Around the world, including in Aotearoa, leaders have encouraged a return to the office as the pandemic continues. It's bad for business, they say, when so many of us shirk CBDs.
Instead, we spend our days half-dressed, eating lunches at home and holding meetings over Zoom.
One recent plea for a return to cubicle life comes from British Prime Minister Boris Johnson, who said working from home does not work.
Johnson himself claims he's too distracted by coffee and cheese to get much done at home.
"There will be lots of people who disagree with me, but I believe people are more productive, more energetic, more full of ideas when they are surrounded by other people," he says.
Tell that to anyone wearing headphones to dull the distractions of a noisy office.
Johnson is right about one thing: plenty of people disagree with him that working from home (WFH) doesn't work.
Data from New Zealand and globally demonstrates benefits from and acceptance of remote working: Stats NZ said in September 2020 that more than 40 per cent of employed Kiwis did at least some of their work from home during the Covid-19 lockdowns.
A PwC US Remote Work Survey in January 2021 found 83 per cent of employers said the shift to remote work had been successful for their company, compared to 73 per cent in the 2020 survey.
Of course, working from home during lockdown is very different from working from home when the kids are in school and it's just you and the dog.
An Otago University survey of 2000 people published last year found 63 per cent of respondents found it easy or extremely easy to work effectively at home, though 30 per cent found it somewhat or extremely difficult.
Many participants discussed ways to support WFH, including enabling flexible hours and encouraging employees to switch off.
One problem with remote work is it's tough to lead a remote team. A study by faculty members at my workplace, Toi Ohomai Institute of Technology, found remote work has dramatic impacts on company culture.
Senior lecturer Anne Bradley wrote in New Zealand Management magazine last year, "Relationships are the heart of workplace culture, and maintaining them digitally is extremely challenging."
She spoke with consultants such as Fiona Mackenzie, of Culture Co in the Bay of Plenty, who says many organisations she works with across New Zealand are experiencing unintended negative consequences of remote working.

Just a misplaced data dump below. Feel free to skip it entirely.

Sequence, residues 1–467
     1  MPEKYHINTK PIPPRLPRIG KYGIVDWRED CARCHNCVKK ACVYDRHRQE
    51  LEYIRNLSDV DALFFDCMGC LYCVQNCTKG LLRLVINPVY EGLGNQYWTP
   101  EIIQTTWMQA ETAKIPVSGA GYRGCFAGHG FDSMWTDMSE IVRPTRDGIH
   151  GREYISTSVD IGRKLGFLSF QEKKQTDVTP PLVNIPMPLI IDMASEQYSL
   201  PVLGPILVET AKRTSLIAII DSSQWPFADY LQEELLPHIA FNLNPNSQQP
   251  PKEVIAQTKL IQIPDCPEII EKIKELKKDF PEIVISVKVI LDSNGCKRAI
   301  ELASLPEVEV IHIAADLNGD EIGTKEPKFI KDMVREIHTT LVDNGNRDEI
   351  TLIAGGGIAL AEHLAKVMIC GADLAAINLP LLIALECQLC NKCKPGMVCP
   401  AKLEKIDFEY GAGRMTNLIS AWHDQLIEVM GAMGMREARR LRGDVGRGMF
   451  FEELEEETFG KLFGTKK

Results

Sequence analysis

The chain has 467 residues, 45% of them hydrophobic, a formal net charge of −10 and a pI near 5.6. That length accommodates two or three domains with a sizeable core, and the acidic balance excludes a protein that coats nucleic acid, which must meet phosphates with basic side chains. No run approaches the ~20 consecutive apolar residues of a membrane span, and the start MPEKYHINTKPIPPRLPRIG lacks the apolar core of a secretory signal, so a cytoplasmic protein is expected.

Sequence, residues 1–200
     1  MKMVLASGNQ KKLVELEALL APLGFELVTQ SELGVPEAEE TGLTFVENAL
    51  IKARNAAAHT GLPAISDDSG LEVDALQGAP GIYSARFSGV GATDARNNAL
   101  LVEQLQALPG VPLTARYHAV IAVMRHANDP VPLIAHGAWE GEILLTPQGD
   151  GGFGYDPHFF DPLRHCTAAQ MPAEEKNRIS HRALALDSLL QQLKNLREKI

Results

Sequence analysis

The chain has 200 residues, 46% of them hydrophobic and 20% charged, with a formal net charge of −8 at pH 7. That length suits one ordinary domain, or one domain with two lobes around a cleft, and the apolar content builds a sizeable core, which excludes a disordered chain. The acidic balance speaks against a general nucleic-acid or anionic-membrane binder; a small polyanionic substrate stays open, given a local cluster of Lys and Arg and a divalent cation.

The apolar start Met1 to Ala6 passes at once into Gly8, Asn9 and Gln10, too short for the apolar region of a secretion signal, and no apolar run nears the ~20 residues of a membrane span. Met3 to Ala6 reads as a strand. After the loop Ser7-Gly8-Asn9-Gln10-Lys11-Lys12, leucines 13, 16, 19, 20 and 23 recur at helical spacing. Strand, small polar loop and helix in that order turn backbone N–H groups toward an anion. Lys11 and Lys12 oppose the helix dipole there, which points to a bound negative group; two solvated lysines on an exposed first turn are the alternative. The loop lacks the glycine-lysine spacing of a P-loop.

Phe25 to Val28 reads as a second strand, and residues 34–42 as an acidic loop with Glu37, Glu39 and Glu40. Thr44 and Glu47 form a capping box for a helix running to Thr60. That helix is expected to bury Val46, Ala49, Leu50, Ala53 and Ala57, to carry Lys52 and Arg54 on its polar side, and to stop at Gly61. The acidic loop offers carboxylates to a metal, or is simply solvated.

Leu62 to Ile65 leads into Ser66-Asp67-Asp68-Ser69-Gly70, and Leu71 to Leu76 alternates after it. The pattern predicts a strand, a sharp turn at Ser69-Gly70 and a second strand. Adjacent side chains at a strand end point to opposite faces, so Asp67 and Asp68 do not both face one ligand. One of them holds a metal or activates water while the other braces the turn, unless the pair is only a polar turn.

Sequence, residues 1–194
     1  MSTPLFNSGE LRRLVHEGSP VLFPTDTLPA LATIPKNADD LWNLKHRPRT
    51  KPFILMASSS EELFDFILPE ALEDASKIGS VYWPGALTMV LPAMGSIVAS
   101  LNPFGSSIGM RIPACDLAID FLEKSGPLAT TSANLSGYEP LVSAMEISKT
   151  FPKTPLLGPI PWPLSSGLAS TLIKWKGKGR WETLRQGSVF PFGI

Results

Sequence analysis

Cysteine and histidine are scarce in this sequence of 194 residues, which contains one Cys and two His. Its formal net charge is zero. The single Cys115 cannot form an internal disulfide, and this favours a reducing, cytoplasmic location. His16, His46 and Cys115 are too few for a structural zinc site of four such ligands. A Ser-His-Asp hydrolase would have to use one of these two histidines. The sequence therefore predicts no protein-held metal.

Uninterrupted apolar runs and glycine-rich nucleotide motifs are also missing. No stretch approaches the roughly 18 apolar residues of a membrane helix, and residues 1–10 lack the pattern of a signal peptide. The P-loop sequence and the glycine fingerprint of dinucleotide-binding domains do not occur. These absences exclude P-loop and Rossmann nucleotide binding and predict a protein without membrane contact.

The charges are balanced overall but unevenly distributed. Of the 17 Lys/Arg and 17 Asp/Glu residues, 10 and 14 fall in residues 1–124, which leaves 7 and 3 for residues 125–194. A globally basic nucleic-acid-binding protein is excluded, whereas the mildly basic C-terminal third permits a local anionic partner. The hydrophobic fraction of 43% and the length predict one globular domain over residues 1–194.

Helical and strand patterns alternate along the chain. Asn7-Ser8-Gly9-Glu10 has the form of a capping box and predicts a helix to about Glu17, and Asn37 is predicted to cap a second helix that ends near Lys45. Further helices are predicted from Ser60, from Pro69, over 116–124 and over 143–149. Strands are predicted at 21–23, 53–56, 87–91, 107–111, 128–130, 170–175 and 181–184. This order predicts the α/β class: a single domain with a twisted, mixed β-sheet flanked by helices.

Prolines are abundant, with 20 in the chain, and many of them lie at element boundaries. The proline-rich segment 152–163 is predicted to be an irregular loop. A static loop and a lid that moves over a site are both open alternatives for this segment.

MacKenzie says, "Human problems require a human response: it's difficult to be an effective leader when the people you're leading aren't there."
A 2020 article in the New Zealand Journal of Employment Relations by researchers at Auckland University of Technology drew on existing literature finding WFH can be beneficial for job satisfaction, performance, retention and managing work-family commitments.
Also, in times of disruption, it can positively affect business continuity.
To be successful, we must pay attention to technological needs, working environments, communication and management styles.
Some people have slow wifi and computer set-ups that place them two clicks away from a carpal tunnel injury.
Others prefer the stimulation of an office environment, with its impromptu problem-solving sessions and conversations about hobbies and family during morning tea.
For deep work, the kind author Cal Newport says will make us super-producers and masters of our destiny, I prefer working from home.
Deep work happens when we enter a state of flow. It means blocking distractions such as social media and in-person chat.
This is where I can focus on thinking and writing without wondering when my lovely co-worker will finish her loud video call or calculating when I should leave the office to beat the traffic.
Overall, research about WFH benefits is mixed.
Saving money on petrol and saving time commuting are huge gains for many of us, but not seeing colleagues IRL (in real life) affects our ability to collaborate and connect.
If you're an extrovert like me, you miss seeing workmates and the kind of relationships that unfold in person.
I keep returning to the fact that with WFH, work is always here. Nights that I don't visit my laptop after dinner are rare (I'm talking to you, Ms 'writing this at 8pm').
Free time happens on weekends between housework and catching up on work-work. The computer beckons.
The toll this will have on my mental health and anyone else who struggles to separate work from life is yet to be seen.
One thing I don't have to worry about is sneaking to the refrigerator for cheese: the price of cheddar in New Zealand is extortionate.
Besides, chocolate is my vice. I just stepped into the kitchen to hack at a chocolate Peanut Slab. Somehow, I made it back to my keyboard to finish this column.
It was never about the cheese, Boris (or the chocolate).
For those of us lucky enough to have a hybrid home/office work life, the future is about choice.
It's not a question of if we should continue to work from home, but how we can do it in a way that supports not only profits but people and the planet too.